Pappano’s Classical Voices: Soprano  20768


  • 00:00:00 Voice as unique, built-in expression of ourselves
  • 00:01:00 Different voice types
  • 00:04:00 Finding something new. What makes a performer special, when some aren’t.
  • 00:06:00 Callas; finding more in a piece than perhaps the composer imagined. Fame beyond opera house. Willard White: her clarity of what she wanted. Commanding on stage, a bundle of nerves off it. Sir John Tooley: She needed support all the time; bruises on arms of her dresser. Callas: All you have to do is really listen to the music; you will find every gesture there.
  • 00:13:45 “Let’s go back in time”. Different tradition in the church since the early middle ages. Young boys singing soprano; angelic, pure, free of extraneous vibrato. Woman banned from singing in church because of St Paul. Late C16 bona fide professional female singers started to emerge. Dowland love song; distinctive female voice to colour the emotions. Use of both vibrato and non-vibrato to express emotions. “What does colouring mean?”
  • 00:18:00 Time of Handel: bravura arias to display distinctive ‘feminine traits’ such as vanity. Coloratura. Entry of “prima donna” into language.
  • 00:19:45 Joan Sutherland departing from Australia for Covent Garden. Archive interviews. Failure in auditions. Inability to move easily. Large size. Finding role in roles with a large amount of ornamentation. Bonynge: all singers should learn the classics, bel canto.
  • 00:22:30 Rossini, Bellini, Donizetti – purety of tone and agility, replete with mad scenes. Enormous demands of singer in this repertoire. Singer will use imagination to ornament the melody. Sutherland – born shortly after Callas but very different in character. “La Stupenda”.
  • 00:25:30 Singing in opera house without a microphone; requires training like an Olympic athlete. Anna Siminiska warm-up; vocal and physical. Strong chest and stomach muscles needed, but what makes the singer worth listening to is in the throat.
  • 00:26:40 Siminiska singing while in MRI scanner. Muscles in larynx involved in producing sound are smallest in body; vocal cords c 15mm in length. Mechanics of vocal cords, and camera down throat, as well as MRI footage. 20 muscles used in larynx alone. Many others used, too.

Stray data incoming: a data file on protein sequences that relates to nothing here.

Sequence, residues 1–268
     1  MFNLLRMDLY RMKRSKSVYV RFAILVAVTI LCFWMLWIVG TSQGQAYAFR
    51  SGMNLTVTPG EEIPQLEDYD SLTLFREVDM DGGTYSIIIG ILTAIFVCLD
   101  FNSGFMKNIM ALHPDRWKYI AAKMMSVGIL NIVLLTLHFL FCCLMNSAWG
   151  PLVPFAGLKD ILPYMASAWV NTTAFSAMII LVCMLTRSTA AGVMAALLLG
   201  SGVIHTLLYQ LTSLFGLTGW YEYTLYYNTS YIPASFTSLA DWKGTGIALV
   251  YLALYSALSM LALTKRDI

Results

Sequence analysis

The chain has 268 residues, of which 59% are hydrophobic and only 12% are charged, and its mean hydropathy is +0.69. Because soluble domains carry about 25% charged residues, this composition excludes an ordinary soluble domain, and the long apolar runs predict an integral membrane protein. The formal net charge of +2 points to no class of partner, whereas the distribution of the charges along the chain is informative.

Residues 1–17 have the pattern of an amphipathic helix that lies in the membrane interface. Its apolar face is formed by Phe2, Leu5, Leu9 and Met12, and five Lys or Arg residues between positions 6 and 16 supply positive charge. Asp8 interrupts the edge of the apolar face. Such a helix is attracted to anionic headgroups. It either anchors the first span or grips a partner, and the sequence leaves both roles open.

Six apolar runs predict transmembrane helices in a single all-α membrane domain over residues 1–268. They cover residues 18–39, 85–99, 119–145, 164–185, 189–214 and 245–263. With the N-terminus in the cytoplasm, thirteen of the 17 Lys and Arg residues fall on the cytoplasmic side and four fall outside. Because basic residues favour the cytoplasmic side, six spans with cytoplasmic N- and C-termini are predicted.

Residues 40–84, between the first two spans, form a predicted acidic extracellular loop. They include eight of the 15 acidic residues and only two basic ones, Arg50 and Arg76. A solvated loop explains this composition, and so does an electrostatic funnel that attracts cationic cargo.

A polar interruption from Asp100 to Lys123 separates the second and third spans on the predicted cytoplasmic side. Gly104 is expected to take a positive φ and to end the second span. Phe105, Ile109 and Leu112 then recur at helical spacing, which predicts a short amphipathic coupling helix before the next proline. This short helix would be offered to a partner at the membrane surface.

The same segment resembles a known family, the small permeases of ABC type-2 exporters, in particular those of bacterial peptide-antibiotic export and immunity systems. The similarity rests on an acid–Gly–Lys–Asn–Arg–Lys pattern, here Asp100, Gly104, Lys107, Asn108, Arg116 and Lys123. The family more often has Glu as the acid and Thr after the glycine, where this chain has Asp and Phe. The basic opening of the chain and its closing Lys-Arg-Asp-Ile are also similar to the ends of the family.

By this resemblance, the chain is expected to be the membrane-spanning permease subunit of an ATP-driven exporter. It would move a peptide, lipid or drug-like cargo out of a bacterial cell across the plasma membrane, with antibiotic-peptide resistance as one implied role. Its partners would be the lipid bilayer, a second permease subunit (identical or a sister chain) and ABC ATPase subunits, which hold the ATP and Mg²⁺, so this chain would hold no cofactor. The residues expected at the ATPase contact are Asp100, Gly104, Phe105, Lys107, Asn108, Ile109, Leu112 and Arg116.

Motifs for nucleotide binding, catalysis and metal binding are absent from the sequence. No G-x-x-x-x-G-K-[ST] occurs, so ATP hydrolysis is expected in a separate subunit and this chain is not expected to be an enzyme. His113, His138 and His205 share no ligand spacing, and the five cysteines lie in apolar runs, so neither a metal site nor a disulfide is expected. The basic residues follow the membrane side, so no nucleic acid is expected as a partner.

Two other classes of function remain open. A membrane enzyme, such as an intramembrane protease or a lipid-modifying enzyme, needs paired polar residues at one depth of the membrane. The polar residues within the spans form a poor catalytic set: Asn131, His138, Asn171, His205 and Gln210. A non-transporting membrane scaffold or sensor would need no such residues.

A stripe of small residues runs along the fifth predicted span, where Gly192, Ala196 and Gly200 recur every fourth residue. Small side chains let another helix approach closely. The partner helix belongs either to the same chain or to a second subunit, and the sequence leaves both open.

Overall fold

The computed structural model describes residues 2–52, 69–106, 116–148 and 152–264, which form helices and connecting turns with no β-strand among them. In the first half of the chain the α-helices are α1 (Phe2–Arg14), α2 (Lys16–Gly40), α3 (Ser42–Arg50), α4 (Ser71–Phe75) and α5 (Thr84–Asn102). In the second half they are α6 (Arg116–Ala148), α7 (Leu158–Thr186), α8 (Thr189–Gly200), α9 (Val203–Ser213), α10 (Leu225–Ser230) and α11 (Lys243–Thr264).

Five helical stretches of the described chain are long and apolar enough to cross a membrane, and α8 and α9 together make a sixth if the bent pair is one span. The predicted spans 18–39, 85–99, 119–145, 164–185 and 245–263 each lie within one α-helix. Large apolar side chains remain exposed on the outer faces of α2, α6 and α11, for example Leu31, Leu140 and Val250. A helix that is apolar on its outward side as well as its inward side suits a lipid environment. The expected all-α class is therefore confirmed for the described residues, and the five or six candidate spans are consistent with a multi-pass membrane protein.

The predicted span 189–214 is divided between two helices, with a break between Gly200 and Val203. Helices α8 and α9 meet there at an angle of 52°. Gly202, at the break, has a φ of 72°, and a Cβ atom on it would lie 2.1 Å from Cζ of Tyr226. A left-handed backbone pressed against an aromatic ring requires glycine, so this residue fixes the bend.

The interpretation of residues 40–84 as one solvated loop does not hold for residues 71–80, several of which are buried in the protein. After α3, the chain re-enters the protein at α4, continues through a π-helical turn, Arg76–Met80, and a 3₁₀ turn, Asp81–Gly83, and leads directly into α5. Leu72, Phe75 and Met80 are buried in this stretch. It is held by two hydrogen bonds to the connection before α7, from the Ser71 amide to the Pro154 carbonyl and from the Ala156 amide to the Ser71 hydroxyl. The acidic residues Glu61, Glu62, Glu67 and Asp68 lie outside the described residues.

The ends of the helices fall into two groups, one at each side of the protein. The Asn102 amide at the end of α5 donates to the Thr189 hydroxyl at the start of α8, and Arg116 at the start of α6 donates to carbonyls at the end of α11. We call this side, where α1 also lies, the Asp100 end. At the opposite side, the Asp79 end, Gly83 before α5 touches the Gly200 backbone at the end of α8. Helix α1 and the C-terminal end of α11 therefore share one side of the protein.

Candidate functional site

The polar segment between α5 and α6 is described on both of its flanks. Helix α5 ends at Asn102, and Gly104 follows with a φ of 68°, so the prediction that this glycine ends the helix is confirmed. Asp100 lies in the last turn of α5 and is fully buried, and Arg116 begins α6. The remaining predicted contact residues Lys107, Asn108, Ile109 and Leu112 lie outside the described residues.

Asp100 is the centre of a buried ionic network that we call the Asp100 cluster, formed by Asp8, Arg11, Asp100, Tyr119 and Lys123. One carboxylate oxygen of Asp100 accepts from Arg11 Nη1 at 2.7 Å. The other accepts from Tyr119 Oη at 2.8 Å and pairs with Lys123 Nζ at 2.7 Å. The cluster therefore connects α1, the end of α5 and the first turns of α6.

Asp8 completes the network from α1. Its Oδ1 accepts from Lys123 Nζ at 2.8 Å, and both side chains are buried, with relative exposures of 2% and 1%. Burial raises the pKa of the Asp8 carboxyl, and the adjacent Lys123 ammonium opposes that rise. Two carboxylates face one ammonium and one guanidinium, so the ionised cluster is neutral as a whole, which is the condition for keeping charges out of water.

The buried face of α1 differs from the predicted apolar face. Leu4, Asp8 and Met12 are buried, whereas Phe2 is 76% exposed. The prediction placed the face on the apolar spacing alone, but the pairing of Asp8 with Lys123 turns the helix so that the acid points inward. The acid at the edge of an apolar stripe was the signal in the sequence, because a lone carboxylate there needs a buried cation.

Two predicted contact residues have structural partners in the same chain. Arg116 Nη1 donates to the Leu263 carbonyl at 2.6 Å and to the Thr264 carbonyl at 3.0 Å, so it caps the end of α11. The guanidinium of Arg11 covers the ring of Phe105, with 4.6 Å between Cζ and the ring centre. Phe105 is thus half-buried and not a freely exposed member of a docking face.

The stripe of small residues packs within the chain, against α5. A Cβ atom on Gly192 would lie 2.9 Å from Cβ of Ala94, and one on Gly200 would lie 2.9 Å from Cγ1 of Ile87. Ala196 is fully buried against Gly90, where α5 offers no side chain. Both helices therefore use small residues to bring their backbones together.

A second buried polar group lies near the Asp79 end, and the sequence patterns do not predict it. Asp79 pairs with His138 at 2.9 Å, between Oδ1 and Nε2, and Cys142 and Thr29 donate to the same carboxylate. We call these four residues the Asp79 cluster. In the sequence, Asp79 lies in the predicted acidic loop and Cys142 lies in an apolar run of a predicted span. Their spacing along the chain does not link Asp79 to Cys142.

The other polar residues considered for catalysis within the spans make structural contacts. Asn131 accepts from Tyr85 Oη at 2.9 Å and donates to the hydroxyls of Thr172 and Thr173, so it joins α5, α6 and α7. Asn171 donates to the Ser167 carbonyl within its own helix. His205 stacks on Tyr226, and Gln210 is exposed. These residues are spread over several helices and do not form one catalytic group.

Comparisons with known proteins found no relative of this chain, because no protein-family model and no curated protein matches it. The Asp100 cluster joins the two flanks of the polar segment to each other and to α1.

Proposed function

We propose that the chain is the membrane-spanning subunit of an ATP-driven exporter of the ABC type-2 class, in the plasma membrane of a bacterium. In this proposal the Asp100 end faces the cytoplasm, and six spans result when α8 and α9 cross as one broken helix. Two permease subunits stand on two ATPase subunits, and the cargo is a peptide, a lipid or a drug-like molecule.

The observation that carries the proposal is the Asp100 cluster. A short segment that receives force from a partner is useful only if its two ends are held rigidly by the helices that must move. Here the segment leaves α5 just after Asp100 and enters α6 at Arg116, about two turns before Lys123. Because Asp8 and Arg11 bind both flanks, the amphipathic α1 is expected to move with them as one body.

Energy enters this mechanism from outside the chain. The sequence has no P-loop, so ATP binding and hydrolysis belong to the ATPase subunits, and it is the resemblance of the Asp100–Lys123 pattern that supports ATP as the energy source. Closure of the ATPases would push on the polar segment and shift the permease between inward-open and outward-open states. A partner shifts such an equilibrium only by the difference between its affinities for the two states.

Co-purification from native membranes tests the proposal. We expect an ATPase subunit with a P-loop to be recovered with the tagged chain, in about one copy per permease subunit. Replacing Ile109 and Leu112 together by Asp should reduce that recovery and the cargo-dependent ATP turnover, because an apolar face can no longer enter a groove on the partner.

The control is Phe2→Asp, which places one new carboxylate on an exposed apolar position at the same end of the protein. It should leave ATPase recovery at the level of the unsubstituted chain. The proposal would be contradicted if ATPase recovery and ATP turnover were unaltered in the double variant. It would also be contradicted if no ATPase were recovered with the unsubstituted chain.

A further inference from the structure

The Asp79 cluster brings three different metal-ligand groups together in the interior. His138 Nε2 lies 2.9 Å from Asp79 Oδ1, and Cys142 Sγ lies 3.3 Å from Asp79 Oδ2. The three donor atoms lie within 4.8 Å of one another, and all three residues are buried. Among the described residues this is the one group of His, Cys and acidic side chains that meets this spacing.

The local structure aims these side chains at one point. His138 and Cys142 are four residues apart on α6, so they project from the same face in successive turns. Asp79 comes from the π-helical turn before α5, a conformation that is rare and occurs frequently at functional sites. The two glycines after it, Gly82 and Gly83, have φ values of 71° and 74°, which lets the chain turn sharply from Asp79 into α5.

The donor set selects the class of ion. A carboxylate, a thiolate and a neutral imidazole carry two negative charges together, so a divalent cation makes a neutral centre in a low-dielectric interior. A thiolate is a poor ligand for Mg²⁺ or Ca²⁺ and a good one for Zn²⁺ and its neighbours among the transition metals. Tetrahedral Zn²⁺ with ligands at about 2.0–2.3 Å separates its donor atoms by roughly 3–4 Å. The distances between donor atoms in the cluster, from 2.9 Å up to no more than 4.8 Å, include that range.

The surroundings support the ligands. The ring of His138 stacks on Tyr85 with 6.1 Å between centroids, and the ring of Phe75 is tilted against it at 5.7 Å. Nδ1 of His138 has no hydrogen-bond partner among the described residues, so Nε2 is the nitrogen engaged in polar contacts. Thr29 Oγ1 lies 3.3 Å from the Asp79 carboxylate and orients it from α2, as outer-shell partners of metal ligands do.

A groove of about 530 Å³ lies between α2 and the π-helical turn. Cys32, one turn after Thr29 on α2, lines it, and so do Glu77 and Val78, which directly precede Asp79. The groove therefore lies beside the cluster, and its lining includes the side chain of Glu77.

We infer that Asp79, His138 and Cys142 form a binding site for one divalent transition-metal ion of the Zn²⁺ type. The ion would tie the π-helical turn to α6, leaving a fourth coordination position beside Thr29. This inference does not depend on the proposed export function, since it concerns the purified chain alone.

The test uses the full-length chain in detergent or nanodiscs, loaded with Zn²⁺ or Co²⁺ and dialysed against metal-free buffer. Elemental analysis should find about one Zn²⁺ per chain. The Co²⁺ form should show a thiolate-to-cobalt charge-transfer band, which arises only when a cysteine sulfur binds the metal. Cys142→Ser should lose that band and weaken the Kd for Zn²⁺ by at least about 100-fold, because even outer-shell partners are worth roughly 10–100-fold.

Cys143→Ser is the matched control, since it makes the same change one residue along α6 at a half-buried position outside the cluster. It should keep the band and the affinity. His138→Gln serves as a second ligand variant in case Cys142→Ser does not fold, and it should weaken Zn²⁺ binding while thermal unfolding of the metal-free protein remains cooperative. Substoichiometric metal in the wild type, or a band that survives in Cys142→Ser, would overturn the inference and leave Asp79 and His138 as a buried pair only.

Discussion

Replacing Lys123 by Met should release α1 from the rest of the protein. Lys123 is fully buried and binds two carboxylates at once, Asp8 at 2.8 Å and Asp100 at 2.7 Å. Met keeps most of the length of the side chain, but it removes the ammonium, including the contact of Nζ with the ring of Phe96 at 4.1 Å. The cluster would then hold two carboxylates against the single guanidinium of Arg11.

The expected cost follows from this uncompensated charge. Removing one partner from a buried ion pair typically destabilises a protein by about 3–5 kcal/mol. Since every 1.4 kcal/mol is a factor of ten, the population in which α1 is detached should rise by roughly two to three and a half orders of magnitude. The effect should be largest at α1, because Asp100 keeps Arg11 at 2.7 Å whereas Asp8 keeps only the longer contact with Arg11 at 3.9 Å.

• 00:29:00 Bigger voice / personality required for Wagner. Birgit Nilsson. Required to milk cows. Sang before she could walk. Always asked to sing at parties – sometimes singing 7/8 hours a day; instead of ruining vocal cords, it made them strong. Turandot section. Formidable on stage and off. Backstage footage. Dislikes conductors / stage directors who bring their ego; person who can’t forget themself is no artist. Contending with 100 piece orchestra for Wagner.
  • 00:36:00 Light lyric soprano; lovely, down to earth, witty, loquacious. Damrau: smaller orchestra. More exposed, can’t relax yourself on top of full orchestra sound where you can. All technique and flexibility needed, but with control Mozart’s music can take you anywhere.
  • 00:39:50 Leontyne Price interview about racial obstacles. Spiritual and Barber with piano. Seamlessness of legato. Creamy, silken texture; able to express vulnerability, but also majesty and regal nature of performances.
  • 00:46:25 Barbara Hannigan: vocal techniques for contemporary music are the same. Hannigan: intimidated by convention and tradition; contemporary was freeing. Pappano: lots of staccato. Hannigan: it’s not from the throat; gives analogy to making an electrical circuit, or a line with little stars on it. Comparison with Joan Sutherland using exactly the same technique. Pappano: going from very low to very high. Soprano needs to use resonances of different parts of the body; from head voice to chest voice. Hannigan: as you make the transition into higher register, you can’t carry chest voice up, but we try to make it beautiful, “otherwise we’d be yodelling [yodels].” The transition is something we try to make very smooth “it’s like making a salad dressing; you don’t want the oil and vinegar to be separate, you want it to emulsify.”
  • 00:49:40 Renata Tebaldi. Became rival of Callas, but “voices and choices quite different.”
  • 00:52:45 Popular perception of opera as stuck in the past / opera houses as museums. Rubbish. Has ability to reinvent itself and move with the times. Contemporary operas doing what opera has always done – laying bare our prejudices, assumptions and hypocrisies.
  • 00:53:00 Interview with Eva-Maria Westbroek on physicality of a role like Anna Nicole.
  • 00:58:00 Recap.


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